It’s Simple: Renew the Housing Levy on Election Day
Safe, stable housing is fundamental to our core humanity. All humans need food, clothing, education, health care, and shelter. You cannot, as an individual or community, survive without those essentials. Yet providing shelter is an aspect of humanity that we struggle with in the King County region, mainly because existing housing is very expensive and affordable housing is in limited supply.
It’s become challenging enough for us to have a sufficient quantity of housing that our community needs in general. But that insufficient quantity has only exacerbated our chronic homelessness issue—whether it’s emergency shelter, transitional housing, permanent supportive housing, or affordable, market-rate housing.
Simply put, we need more places to call home that are affordable. Right now, the mere ability to stay housed is overwhelming for too many of our neighbors. Data has shown that there are individuals, families, and communities in the Greater Seattle area that have historically not benefited (and continue to not benefit) from the area’s prosperity.
That is why it is critical that we renew the Seattle Housing Levy, a timely and effective response to this urgent need. The current housing levy is set to expire at the end of 2023. Voters have an opportunity to renew the levy in the November 7 general election.
According to the City of Seattle’s Office of Housing, renewal of the levy:
- Would generate $970 million in affordable housing investments from 2024-2030.
- Would build more than 3,100 new affordable homes for seniors, low-income workers, families, and people experiencing homelessness.
- Would produce and preserve more than 3,500 affordable apartments.
- Would assist more than 9,000 low-income households with resources to prevent homelessness and ensure housing stability.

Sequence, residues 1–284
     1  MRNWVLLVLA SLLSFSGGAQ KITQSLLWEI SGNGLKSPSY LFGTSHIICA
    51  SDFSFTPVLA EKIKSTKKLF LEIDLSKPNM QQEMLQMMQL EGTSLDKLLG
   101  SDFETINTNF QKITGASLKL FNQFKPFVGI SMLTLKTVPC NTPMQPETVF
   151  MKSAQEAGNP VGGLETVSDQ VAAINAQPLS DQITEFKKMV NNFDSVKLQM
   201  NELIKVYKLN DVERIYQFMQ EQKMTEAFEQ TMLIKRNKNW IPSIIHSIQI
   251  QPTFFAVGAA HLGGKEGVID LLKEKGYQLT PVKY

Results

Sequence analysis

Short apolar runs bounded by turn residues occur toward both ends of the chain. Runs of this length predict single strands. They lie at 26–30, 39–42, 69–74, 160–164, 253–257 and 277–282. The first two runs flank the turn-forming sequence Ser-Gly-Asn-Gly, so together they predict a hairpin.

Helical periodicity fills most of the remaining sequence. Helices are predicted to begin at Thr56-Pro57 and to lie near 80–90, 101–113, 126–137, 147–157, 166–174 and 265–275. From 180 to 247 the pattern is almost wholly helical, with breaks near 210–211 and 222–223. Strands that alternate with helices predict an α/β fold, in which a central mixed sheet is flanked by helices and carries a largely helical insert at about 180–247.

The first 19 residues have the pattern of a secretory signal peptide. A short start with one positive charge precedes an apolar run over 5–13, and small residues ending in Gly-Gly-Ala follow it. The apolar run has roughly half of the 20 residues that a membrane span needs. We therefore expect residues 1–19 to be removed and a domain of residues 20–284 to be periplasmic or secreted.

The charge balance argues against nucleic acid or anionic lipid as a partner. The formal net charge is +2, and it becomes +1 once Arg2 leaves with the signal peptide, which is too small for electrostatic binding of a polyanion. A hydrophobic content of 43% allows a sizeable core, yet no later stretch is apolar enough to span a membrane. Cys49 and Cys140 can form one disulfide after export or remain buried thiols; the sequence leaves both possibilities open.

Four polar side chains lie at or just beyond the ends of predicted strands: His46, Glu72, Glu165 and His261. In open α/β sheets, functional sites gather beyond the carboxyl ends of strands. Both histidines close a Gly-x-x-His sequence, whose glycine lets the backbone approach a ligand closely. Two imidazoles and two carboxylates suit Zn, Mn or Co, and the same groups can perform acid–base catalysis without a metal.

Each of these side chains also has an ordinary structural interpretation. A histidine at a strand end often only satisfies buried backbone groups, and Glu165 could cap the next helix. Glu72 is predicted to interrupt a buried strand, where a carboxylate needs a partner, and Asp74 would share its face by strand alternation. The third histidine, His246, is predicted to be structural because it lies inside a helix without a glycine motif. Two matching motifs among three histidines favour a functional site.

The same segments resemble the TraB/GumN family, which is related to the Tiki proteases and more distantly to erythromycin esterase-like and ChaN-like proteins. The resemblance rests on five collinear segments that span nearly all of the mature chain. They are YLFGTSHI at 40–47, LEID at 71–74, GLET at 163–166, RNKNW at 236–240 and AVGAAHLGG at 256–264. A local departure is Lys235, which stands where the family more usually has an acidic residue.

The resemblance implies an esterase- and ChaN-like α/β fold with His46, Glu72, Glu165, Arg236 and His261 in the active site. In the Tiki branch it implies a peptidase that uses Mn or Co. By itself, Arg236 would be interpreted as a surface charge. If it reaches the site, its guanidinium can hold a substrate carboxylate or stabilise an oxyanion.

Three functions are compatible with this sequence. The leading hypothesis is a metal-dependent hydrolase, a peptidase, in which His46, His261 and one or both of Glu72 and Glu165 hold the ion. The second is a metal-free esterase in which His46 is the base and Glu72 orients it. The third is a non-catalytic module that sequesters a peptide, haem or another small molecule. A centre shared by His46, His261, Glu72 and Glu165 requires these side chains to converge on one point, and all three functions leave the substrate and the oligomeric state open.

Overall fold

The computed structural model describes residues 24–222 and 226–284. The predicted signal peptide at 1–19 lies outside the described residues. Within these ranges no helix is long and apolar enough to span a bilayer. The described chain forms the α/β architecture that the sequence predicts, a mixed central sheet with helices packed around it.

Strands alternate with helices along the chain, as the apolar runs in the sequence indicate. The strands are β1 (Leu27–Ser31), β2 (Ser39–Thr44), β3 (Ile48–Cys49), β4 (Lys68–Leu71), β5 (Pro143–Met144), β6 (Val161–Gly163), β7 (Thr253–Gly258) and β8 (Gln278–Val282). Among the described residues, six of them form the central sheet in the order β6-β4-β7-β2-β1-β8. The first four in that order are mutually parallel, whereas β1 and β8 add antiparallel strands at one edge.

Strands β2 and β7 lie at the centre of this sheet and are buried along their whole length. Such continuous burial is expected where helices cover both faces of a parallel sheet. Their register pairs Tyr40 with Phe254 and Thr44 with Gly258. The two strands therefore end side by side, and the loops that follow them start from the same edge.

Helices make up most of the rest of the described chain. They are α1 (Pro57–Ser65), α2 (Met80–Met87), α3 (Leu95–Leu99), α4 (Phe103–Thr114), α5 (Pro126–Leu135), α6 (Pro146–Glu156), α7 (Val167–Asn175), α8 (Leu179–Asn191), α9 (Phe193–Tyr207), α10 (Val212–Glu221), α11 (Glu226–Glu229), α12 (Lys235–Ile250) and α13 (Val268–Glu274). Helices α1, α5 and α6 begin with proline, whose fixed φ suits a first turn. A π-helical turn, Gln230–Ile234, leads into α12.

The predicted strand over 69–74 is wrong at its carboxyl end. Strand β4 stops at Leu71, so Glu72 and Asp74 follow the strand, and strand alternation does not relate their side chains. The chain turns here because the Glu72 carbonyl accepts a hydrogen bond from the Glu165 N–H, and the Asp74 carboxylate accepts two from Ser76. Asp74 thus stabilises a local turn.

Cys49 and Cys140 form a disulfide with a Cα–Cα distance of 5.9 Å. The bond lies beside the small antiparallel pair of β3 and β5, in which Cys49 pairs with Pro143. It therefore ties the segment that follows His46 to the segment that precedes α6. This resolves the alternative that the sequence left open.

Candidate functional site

- Would prevent displacement of low-income households and support community-based developments that reflect the communities that people are rooted in.
Seattle has benefitted from such levies since 1986, ensuring that more than 15,000 people are kept in homes they can afford for nearly 40 years. It’s something that we hope other municipalities in King County will replicate.
At United Way, we have redoubled our efforts to address the area’s homelessness problem in many ways, primarily by keeping people in their homes (via rental assistance and eviction protection) and by serving on governing bodies of agencies working to move people on the streets into housing. We all know firsthand the importance of quality housing to the stability and livelihood of a community.
I grew up in Beacon Hill in a standalone home in an incredibly diverse neighborhood in terms of race, ethnicity, and socioeconomics. Many of my friends also lived in standalone homes and many lived in Holly Park (now New Holly, an affordable housing community), which was originally public housing for returning veterans and their families after World War II.
My classmates were stably housed—some in standalone homes, some in supportive housing—and together we made up a rich and vibrant community. It’s about commonality, no matter where you make your home. As I look around Seattle, I believe we need more of that—neighborhoods that are rich in their socioeconomic, racial, ethnic, and housing diversity.
But no rich, vibrant, and stable community—whether it’s in the city, the suburbs, or in the countryside—is developed or endures on its own. It takes people committed to upholding our human right to safe, affordable, and resourceful places to live. The Seattle Housing Levy is a great example of a commitment to action. Now, it’s up to voters to act: Renew the Housing Levy on November 7.